The discovery of the platinum oxide catalyst deserves mention. In the first published account by V. Voorhees and R. Adams [J. Amer. Chem. Soc., 44, 1397 (1922)] the description of the catalyst preparation was the fusion of chloroplatinic acid with sodium nitrate. This is still one of the most active and readily prepared platinum catalysts for hydrogenation reactions. Its discovery and the development of a simple low-pressure catalytic hydrogenation apparatus have had a profound effect in the synthesis and structure knowledge in organic chemistry and biochemistry. No citation index will ever disclose how many problems on a research and on a technical scale have been solved by the use of the Adams' catalyst!

Scientific discoveries were not the only contributions of Roger Adams. He a teacher held in the highest regard as he "always took time for his students," "followed his student's careers", and "was always ready to assist his students when they came to him with personal or professional problems." In the 1920's and 1930's, Roger Adams, along with C. S. Marvel and E. H. Volwiler, was instrumental in an enterprise called Organic Chemical Manufactures. This business provided summer employment for his students and provided starting materials for research. He played a leading role in helping German industry rebuild after World War II.

Roger Adams was one of the founders of several new programs to benefit organic chemists. In 1921, the Organic Synthesis series was initiated, and in 1942, the Organic Reactions series followed. Adams served as Editor-in-Chief of Organic Reactions for 19 years. He only assumed that role when it was agreed that there be no royalties paid to authors for their contributions. All of the royalties were accrued by John Wiley and Sons and were the basis of the Roger Adams Award in Organic Chemistry, consisting of a gold medal and a cash prize, which is awarded biennially "to recognize and encourage outstanding contributions to research in organic chemistry." Under sponsorship of the American Chemical Society and participation of the Division of Chemistry, the first award was made in 1959.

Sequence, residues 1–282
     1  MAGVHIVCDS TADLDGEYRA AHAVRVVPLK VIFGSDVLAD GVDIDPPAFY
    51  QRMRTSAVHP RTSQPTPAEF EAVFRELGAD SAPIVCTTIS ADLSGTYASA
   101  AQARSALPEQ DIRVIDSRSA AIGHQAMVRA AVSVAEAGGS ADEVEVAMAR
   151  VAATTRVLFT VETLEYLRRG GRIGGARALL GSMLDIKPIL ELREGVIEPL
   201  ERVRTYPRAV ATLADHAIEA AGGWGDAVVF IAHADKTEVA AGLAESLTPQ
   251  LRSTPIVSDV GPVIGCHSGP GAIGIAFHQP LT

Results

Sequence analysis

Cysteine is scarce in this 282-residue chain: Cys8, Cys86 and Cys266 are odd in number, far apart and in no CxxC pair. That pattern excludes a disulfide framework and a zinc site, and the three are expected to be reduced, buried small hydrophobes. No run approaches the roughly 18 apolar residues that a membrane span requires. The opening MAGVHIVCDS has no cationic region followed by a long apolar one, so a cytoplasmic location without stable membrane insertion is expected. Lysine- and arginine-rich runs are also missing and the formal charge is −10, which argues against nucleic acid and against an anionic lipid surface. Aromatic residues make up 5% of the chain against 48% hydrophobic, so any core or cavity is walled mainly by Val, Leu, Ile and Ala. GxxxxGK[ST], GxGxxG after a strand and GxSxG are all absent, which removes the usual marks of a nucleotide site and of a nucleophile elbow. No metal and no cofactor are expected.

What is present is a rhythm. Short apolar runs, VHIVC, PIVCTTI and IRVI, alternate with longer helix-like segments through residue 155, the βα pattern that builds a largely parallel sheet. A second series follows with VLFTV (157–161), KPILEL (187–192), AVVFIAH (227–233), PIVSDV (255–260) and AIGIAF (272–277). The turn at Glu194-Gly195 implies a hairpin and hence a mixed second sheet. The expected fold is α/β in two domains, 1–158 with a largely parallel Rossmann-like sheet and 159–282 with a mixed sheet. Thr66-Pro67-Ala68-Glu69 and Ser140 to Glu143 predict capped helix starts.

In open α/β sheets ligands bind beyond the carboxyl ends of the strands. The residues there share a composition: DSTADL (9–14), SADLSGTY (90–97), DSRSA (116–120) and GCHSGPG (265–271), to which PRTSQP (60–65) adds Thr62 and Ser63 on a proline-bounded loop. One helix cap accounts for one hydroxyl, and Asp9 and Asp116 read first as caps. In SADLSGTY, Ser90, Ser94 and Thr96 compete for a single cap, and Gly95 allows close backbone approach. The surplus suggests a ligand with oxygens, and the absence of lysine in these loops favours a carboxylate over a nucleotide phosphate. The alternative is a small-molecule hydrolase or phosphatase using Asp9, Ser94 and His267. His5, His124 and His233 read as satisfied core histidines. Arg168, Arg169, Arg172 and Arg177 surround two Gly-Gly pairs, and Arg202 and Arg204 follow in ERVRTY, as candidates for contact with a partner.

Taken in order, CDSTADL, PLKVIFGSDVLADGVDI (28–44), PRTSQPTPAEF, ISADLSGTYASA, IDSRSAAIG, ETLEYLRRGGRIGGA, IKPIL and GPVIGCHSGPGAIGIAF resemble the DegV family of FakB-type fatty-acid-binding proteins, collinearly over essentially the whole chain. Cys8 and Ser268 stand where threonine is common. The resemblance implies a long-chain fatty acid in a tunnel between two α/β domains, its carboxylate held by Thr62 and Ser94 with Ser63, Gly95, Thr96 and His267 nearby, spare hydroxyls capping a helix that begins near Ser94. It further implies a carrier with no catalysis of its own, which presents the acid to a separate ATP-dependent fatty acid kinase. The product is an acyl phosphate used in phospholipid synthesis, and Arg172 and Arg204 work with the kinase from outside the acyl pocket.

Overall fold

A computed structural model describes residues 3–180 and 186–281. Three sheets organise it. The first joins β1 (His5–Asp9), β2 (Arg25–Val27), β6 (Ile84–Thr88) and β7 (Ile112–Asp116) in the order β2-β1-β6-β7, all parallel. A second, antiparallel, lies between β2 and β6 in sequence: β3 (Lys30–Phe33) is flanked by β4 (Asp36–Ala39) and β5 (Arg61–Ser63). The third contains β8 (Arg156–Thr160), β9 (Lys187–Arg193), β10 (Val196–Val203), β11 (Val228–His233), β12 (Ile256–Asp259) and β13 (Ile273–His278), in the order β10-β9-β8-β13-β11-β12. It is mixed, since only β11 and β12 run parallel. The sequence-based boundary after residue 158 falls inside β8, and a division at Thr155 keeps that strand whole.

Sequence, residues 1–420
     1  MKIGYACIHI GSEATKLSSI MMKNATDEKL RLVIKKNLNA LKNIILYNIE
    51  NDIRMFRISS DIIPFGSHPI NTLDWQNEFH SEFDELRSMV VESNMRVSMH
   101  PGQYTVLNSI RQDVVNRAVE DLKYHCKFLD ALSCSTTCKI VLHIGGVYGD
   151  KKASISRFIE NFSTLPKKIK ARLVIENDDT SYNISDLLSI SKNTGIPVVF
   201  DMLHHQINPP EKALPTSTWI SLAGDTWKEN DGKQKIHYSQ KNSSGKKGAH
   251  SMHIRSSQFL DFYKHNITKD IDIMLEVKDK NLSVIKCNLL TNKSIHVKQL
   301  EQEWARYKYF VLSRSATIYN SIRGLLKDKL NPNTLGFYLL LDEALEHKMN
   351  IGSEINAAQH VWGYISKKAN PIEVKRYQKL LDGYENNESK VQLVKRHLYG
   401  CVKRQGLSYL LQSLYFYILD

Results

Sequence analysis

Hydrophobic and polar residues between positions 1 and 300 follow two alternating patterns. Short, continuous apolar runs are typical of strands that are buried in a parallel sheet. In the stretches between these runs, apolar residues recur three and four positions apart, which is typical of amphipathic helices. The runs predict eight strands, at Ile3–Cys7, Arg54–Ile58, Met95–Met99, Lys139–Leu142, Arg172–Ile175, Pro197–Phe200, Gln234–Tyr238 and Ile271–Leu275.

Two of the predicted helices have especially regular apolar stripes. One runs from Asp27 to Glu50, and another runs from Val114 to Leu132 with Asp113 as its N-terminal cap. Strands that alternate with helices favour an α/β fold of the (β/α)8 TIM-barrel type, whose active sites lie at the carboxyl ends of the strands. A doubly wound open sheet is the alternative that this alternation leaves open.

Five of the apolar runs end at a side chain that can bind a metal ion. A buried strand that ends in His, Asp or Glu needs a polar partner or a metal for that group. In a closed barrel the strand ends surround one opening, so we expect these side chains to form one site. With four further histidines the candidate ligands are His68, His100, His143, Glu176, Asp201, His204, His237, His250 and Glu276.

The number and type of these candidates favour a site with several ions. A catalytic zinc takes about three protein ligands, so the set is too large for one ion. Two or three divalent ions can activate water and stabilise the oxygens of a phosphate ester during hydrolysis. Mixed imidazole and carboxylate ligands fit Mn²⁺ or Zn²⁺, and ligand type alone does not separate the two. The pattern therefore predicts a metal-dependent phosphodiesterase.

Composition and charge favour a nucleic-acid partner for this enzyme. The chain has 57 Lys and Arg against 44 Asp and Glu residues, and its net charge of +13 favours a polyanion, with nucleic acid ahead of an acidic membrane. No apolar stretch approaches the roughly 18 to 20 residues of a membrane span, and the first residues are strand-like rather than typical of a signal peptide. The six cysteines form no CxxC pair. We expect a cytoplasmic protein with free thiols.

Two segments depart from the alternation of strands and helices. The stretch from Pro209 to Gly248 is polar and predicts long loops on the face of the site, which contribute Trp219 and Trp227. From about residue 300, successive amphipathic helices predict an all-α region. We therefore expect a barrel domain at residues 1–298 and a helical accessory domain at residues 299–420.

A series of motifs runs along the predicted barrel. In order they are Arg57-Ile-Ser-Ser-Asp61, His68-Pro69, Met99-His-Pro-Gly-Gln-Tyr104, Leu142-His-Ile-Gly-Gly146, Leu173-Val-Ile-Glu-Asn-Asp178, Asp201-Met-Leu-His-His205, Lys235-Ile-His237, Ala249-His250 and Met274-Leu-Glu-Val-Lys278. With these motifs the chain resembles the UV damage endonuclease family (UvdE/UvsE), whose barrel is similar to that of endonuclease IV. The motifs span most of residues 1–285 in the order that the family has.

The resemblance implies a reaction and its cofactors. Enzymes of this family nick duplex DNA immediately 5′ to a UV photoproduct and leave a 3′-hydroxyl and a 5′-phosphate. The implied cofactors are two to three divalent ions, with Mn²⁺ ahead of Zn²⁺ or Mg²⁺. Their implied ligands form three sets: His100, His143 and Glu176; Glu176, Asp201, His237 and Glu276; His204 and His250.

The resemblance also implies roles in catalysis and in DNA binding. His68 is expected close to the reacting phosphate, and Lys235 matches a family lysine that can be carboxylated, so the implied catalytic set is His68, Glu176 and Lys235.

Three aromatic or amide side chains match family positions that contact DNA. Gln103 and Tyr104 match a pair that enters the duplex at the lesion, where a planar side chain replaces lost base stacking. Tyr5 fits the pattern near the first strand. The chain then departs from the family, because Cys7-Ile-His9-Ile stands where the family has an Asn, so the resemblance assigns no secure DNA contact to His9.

He was the recipient of numerous awards for science, philanthropy, national service, and the arts. His contributions to the University of Illinois were acknowledged by the naming of the "east chemistry" building in his honor, Roger Adams Laboratory, in 1972.

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  2. J. Chem. Ed. 1979, 56, 163-165.
  3. J. Am. Chem. Soc. 1969, 91, a-d.
  4. Proc. Welch Fdn. Conf. 1977, 20, 204-228.
  5. Tarbell, D. S.; Tarbell, A. T. Roger Adams Scientist and Statesman; American Chemical Society: 1981.
  6. Isis 1980, 71, 620-626.
  7. Biog. Mem. Nat. Acad. Sci. 1982, 53, 3-47.
  8. Am. Phil. Soc. Yrbk. 1974, 111-114.
  9. National Cyclopedia of American Biography; James T. White & Co.: 1921-1984; vol. G, p336-337.
  10. McGraw Hill Modern Men of Science; McGraw-Hill: 1966; vol. 1, p4-5.
  11. The Hexagon 1979, 70, 9-17.
  12. American Chemists and Chemical Engineers; Miles, W. D., Ed.; American Chemical Society: 1976; p4-5.